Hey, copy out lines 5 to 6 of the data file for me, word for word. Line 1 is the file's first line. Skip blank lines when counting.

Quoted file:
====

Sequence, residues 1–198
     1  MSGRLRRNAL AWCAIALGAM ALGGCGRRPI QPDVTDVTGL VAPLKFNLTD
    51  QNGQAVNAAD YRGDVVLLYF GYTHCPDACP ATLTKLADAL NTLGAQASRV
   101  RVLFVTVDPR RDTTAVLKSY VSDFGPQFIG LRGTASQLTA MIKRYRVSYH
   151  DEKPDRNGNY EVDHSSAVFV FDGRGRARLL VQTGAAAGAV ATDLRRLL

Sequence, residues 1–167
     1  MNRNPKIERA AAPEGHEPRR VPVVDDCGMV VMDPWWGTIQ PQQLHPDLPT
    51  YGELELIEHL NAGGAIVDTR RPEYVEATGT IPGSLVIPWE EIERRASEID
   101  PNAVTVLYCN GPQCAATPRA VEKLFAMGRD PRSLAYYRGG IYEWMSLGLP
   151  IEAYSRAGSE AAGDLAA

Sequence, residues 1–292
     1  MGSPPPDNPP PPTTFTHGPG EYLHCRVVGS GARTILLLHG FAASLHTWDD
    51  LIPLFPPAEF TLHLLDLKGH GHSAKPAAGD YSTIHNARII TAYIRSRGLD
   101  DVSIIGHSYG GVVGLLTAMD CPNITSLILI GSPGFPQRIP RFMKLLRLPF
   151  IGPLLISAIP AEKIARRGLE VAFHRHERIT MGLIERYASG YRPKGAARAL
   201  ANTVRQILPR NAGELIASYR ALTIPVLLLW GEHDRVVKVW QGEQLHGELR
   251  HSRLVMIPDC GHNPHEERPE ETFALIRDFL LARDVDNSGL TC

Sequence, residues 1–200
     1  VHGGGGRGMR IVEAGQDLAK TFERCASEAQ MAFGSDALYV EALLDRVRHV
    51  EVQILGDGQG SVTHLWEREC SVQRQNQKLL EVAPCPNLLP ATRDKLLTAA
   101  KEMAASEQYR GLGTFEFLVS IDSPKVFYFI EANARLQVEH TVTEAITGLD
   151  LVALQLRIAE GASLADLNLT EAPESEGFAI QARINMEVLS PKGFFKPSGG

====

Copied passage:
   151  DEKPDRNGNY EVDHSSAVFV FDGRGRARLL VQTGAAAGAV ATDLRRLL

Sequence, residues 1–167